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Obviously Ramcewan is having fun with his affordable purchases and if he is pleased with his photos, so be it. The time will come when he will get into one of the compact M43 or 4/3 300mm lenses. After all, this is a hobby and hobbies are suppose to be fun and enjoyable. I remember way back when I was a model railroader in HO scale. I just had a few of the cheaper plastic Athearn locomotives and I envied a friend who had a highly detailed brass Korean locomotive that I drooled over. Bottom line is that I had just as much fun as he did for far less money.
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Old Apr 9, 2012, 11:34 PM   #48
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Where I come from is really not the point I'm trying to make. I've had both P&S and DSLR cameras. In fact, I still have a couple of P&S cameras as well as m4/3. I've spent a lot of money on MF lenses since I got into m4/3 and personally I wish I haven't because at the end of the day, I get much much better (and consistent) results with m4/3 ded lanses rather than with most of the old vintage MF lenses I have. So, today, I rather save my money and buy m4/3 lenses than spend on legacy lenses unless the have something to offer that I can't gets on m4/3 format. I also agree that playing with those legacy lenses is fun so as long as you are having fun, don't pay any attention to my comments as they are irrelevant. BTW, I have some legacy lenses I like very much, like the Chinon 50mm f1.7 or the Vivitar 55mm macro.
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Old Apr 9, 2012, 11:57 PM   #49
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There's another way of looking at this. Getting the legacy lenses is a good way to help you determine where one wants to spend the money when it comes time to buy a m4/3 lens. If buying an inexpensive long lens really gets one interested in tele shooting, then buying that m75-300 won't be an experiment, you will know it is the lens you really want. But if you find yourself less than thrilled shooting with the long lens, at least you did not put out too much cash.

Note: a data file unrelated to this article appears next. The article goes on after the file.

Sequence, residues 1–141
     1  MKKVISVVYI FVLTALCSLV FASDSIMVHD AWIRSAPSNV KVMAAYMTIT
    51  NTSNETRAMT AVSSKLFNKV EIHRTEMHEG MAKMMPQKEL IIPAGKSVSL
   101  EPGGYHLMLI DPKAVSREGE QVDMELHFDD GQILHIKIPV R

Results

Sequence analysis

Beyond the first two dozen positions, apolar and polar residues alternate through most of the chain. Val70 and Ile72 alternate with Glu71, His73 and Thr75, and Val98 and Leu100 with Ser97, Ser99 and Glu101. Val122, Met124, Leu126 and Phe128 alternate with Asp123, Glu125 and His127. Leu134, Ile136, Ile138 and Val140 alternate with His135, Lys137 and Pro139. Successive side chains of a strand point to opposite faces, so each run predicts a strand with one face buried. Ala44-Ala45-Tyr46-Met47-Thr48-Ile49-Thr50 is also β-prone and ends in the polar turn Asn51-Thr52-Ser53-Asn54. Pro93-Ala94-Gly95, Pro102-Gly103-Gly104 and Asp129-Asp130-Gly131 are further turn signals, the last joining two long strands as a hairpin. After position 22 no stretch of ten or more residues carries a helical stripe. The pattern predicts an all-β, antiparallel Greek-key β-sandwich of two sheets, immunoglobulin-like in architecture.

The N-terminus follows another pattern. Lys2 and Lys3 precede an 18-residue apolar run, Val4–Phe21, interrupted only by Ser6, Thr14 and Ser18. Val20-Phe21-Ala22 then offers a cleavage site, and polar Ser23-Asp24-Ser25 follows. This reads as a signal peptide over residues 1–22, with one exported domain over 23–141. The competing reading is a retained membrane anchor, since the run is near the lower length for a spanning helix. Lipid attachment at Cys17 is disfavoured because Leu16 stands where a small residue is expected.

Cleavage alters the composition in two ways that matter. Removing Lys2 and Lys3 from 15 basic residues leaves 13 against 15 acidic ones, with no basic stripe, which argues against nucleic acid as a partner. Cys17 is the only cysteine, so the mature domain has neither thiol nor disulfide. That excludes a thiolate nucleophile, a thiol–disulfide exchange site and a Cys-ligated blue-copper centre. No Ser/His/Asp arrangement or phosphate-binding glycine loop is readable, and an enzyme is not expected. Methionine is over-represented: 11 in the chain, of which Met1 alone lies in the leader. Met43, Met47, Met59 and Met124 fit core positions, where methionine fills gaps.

Though how you manage to get a shot of a bird looking relaxed whilst you point that artillery piece in its direction is beyond me.
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Old Apr 10, 2012, 9:06 AM   #50
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Tullio - apologies for assuming your point of view, as you have mentioned before you went down the MF lens road and are merely trying to share your experience to save me from pitfalls your retrospectively see in this road. I appreciate your sharing and I am listening and waiting for the olympus' to be on sale, at which point I may sell my long MF lenses, although it will be hard.

I also agree with Kulacube's sentiment as I have more than once perused borrow lens hoping I could rent a lens I wanted only to be disappointed by the limited selection and high price.

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Originally Posted by Kulacube
Though how you manage to get a shot of a bird looking relaxed whilst you point that artillery piece in its direction is beyond me.
yeah that's the great thing about the 300mm focal length is that you can set up on a tripod 6 feet away from the window inside the house pointing out the slightly opened window to a feeder 6 feet beyond that. Throw in the 4 feet of the wired remote which allows me to be even a little further away and I don't think the bird even knows I am there. Although I do think they still hear the shutter click...

So back to the hardware... what do you think of the Tair shot?

to me it is in league with the Nikon if not a little sharper but I may be expressing bias as I have read soo many raves about this lens which was voted best in the world back in 1958...

For those that don't know there was a period of time after WWII where the Russians had many of the best optics makers in the world from East Germany at their disposal along with the designs from houses like Zeiss and Jenna which they continued to produce. I also have a Jupiter-8 50mm f2 lens that is an exact copy of the Pre-war Zeiss lens.

It is beautifully built and amazingly small mounted on the e-pl2, it is also quite sharp even wide open with bokeh to die for thanks to it's 10 blade aperture. To me at $65 shipped from Hungary it is a poor man's Olympus 45mm f1.8 and will be in my bag till I get that lens.


Jupiter 8 by ramcewan, on Flickr
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Last edited by ramcewan; Apr 10, 2012 at 9:17 AM.